Timothy Kyng is a Senior Lecturer, Department of Applied Finance and Actuarial Studies, Macquarie University. He has been called upon as an ‘expert’ by Fairfax/Four Corners. He believes villages should be regulated by the Australian Prudential Regulatory Authority because villages are an insurance product.
The following is an extract from his opinion piece on the website propertyobserver.com.au. What are your thoughts?
“While you may think signing a retirement village contract is similar to buying a house or apartment, it isn’t.
Retirement village contracts resemble insurance contracts more than purchase agreements, only they aren’t regulated like insurance products.
The lack of regulation increases the risk for retirees. They face considerable delays in receiving their payments when they leave, costs due to the delay, and the potential loss of all payment from companies that don’t need to meet the financial standards of an insurance company.
Most retirement village contracts provide the consumer with a combination of the right to reside in the retirement village (until death, incapacity for independent living, or voluntarily relocation) and an “exit payment” upon leaving. As both the amount and timing of this payment depends on the resident’s death or ill health, the payment is a de facto insurance payout.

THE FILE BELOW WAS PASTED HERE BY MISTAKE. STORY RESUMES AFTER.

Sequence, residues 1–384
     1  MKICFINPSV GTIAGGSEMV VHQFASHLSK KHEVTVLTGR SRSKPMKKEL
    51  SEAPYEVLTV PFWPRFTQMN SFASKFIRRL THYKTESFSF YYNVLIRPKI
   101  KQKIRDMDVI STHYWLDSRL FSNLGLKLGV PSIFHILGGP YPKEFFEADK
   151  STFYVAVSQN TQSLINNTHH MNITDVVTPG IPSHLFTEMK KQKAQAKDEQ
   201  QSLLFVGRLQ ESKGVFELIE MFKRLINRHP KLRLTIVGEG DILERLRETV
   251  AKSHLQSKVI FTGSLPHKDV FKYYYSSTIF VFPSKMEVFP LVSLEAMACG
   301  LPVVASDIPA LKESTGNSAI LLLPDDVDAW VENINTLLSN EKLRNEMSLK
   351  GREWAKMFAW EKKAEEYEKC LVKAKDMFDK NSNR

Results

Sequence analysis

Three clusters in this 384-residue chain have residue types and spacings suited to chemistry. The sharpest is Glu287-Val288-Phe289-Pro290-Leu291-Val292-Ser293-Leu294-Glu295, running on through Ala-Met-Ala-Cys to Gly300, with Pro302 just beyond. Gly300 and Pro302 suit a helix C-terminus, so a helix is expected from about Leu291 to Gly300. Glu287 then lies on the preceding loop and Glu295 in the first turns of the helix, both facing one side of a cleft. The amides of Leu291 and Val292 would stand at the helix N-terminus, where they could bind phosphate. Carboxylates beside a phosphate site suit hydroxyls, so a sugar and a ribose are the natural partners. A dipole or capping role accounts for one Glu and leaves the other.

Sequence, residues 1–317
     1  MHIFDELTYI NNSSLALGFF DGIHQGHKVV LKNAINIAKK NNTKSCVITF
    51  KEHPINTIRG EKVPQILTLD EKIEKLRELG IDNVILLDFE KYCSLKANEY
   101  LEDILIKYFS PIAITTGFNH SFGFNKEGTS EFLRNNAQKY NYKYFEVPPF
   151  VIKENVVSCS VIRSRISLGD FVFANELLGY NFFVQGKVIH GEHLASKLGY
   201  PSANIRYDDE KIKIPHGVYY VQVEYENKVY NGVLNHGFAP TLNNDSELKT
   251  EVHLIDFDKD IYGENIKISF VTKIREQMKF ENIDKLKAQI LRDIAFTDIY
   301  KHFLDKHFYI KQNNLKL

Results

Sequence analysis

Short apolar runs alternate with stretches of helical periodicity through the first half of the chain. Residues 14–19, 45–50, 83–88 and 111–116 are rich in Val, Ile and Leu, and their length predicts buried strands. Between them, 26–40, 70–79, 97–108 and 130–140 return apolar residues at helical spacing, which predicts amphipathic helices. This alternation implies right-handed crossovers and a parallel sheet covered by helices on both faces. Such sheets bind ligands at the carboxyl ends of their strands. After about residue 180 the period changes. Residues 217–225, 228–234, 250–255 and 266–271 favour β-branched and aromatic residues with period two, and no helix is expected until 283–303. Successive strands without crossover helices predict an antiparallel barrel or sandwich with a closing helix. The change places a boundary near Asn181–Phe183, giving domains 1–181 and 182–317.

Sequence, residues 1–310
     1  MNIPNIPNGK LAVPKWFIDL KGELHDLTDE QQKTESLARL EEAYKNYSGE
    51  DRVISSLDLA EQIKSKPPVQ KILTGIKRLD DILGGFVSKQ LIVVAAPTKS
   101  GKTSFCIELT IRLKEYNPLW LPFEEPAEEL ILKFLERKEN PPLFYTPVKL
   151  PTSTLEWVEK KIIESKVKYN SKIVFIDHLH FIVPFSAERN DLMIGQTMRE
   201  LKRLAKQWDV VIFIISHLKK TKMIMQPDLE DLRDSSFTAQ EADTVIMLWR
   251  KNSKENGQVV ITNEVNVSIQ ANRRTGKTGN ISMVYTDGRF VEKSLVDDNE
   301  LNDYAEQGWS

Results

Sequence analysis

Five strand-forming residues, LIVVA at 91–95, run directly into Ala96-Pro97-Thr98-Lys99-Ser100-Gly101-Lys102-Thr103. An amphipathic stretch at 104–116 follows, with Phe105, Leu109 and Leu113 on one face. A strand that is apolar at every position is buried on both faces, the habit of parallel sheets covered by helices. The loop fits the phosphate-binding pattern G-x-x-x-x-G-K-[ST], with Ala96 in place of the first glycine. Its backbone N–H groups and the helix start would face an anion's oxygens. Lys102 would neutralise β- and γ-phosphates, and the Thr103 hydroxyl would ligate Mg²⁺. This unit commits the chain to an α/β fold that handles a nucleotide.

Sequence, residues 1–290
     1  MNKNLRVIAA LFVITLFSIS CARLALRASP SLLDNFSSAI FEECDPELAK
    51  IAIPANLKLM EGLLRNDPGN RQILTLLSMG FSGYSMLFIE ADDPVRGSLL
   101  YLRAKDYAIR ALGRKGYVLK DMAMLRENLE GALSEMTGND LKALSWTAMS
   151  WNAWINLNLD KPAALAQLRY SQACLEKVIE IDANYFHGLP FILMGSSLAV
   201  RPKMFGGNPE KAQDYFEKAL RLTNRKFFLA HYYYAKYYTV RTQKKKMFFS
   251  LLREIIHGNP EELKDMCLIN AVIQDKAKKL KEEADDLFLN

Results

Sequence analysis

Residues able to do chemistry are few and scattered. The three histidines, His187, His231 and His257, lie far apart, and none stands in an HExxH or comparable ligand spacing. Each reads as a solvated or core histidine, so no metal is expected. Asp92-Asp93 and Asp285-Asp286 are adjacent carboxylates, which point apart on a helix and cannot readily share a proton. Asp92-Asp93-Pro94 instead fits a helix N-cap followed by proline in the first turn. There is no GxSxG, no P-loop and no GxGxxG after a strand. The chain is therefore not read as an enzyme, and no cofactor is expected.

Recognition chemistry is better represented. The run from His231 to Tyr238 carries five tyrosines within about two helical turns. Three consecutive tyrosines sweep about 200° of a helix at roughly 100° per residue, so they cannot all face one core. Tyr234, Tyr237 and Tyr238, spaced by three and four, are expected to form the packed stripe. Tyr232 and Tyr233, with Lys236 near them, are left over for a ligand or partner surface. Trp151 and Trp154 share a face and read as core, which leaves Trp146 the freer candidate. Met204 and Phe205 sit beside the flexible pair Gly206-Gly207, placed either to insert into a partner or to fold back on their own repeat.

This makes the retirement village contract a combination of the right to reside and a de facto insurance policy. But the insurance policy comes from companies that wouldn’t normally be allowed to sell insurance.
Retirement villages are mostly small private companies or not-for-profit organisations. This means they aren’t required to publish their annual financial statements, hold reserves, or have reinsurance arrangements like an insurance company. The consumer can’t be confident that the retirement village is financially healthy and able to pay out the exit fee, due to the absence of information about their accounts and financial condition.
If retirement village contracts are in fact insurance agreements, then they should be regulated differently – by the Australian Prudential Regulatory Authority and not by state governments, as is now the case”.